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Boeing Commercial Crew Milestones Update

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CST-100 engine test

CST-100 engine test

Boeing’s Commercial Crew Milestones Status
Award Period: August 2012 – August 2014
Total Milestones: 20
Milestones Completed: 13
Milestones Awaiting NASA Acceptance: 2
Total: $377.2 Million Out of $480 Million

Boeing has completed 13 of 20 milestones under its current commercial crew contract for a total of $377.2 million out of $480 million.

The company has completed two additional milestones — Launch Vehicle Adapter Critical Design Review and Emergency Detection System (EDS) Standalone Testing — for which it awaiting NASA’s acceptance. These milestones are worth $13.5 million and $13.8 million, respectively, for a total of $27.3 million.

Boeing plans to complete five additional milestones in 2014, culminating with the Spacecraft Safety Review this summer. The CCiCAP program culminates in August.
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U.S. Launch Companies at Crossroads in 2014

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Cygnus is released from the International Space Station. (Credit: NASA)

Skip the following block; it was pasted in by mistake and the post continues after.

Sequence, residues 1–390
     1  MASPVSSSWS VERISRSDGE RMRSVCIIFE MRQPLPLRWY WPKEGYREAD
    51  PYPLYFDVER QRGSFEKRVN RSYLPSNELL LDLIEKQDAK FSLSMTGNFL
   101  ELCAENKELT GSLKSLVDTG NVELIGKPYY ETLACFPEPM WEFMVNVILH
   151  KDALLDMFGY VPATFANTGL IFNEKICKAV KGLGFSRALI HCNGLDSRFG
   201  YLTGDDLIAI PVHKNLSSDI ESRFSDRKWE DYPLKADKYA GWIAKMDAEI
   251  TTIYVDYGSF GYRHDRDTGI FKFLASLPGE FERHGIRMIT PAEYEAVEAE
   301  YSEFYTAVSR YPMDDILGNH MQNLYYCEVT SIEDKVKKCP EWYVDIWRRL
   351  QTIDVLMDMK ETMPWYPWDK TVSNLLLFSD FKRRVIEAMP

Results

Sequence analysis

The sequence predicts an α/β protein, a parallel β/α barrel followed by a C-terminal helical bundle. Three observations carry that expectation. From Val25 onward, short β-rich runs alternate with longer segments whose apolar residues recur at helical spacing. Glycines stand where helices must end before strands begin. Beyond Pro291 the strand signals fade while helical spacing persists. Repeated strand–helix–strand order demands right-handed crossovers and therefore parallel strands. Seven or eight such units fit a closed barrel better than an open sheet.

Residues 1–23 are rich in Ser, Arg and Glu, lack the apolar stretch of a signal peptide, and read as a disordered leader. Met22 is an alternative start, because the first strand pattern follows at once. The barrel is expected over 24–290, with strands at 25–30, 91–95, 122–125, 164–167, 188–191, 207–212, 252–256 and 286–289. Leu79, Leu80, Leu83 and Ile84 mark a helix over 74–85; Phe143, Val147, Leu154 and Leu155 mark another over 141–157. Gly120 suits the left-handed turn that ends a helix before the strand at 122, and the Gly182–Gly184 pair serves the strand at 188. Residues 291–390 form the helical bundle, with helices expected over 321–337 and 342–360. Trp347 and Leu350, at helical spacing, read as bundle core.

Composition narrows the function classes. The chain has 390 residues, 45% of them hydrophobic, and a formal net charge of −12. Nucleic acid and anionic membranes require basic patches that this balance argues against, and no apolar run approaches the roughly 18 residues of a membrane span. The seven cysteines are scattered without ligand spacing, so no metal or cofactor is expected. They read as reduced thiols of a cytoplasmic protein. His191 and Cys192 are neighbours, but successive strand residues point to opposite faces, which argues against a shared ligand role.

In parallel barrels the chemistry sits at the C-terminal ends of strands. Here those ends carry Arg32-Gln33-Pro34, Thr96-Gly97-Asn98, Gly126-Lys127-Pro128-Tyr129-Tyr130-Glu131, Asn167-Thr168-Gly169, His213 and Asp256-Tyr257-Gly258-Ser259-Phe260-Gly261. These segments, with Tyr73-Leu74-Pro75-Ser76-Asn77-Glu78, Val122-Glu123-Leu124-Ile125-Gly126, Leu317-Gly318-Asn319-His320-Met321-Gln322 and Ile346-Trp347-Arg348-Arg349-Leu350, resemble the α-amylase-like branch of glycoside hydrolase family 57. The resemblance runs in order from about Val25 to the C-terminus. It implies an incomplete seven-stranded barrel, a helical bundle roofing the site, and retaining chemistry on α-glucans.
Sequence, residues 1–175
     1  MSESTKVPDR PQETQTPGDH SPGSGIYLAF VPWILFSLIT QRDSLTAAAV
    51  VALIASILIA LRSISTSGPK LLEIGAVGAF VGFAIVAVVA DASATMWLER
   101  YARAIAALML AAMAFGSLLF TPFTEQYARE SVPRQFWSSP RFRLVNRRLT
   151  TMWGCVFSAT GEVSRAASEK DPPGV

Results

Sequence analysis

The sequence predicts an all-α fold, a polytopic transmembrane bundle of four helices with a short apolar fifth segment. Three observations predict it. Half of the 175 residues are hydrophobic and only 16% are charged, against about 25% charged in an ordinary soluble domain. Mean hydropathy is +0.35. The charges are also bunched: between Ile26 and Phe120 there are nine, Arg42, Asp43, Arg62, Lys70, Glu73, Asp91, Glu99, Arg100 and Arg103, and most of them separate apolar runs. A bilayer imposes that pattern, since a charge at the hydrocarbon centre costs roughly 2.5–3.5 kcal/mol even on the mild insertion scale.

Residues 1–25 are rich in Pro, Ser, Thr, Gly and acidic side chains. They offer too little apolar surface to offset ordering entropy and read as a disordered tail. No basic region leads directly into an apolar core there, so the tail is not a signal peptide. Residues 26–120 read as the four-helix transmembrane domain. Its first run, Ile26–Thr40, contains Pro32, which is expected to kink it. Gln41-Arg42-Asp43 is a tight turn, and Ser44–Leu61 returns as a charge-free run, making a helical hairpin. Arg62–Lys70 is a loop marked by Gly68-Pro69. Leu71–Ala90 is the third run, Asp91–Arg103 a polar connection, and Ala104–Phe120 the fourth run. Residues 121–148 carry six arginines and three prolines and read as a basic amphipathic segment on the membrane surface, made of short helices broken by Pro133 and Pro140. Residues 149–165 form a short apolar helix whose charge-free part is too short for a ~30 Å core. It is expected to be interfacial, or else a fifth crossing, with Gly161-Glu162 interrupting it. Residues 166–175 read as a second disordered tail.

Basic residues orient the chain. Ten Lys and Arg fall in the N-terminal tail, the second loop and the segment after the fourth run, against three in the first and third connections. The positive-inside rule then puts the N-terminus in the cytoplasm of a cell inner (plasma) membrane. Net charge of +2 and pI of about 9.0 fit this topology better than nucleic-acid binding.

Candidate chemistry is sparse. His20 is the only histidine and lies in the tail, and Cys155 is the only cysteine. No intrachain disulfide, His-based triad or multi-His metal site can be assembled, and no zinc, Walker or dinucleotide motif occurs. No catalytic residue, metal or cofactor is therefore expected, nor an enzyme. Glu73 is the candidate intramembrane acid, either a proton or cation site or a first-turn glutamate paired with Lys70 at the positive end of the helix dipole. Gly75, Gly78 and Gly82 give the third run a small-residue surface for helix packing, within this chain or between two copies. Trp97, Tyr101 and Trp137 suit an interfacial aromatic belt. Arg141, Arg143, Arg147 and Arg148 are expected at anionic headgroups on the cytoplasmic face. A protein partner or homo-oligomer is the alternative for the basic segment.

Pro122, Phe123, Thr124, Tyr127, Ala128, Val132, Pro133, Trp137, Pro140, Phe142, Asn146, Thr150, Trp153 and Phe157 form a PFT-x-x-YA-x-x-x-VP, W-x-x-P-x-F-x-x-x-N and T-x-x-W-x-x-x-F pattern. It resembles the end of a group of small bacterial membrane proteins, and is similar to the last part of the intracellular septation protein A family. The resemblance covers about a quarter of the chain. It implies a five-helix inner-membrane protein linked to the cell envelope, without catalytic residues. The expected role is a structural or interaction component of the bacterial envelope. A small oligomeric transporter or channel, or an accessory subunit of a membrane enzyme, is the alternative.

Cygnus is released from the International Space Station. (Credit: NASA)

Part 2 of 2

By Douglas Messier
Parabolic Arc Managing Editor

Editor’s Note: In Part 1, we took a look at the highly successful year that all three U.S. launch providers had in 2013.  Today, we will look at the challenges ahead for each company.

Coming off a stellar year, each of America’s three launch providers — Orbital Sciences Corporation, SpaceX and United Launch Alliance (ULA) — finds itself in a distinctly different place and facing unique challenges. The coming year could begin to significantly remake the global launch market, with significant consequences for all three players and rival providers overseas.

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Commercial Crew Companies Stay on Track for Milestone Completions

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NASA_commercial_crew_milestones_dec2013WASHINGTON (NASA PR) — NASA’s Commercial Crew Program partners continue to meet all scheduled milestones, bringing the nation closer to its goal of having a U.S. capability for human access to space and ending reliance on foreign vehicles.

SpaceX recently completed five milestones:

  • The Human Certification Plan Review, which laid out SpaceX’s plans for certification of the design of the spacecraft, launch vehicle, and ground and mission operations systems.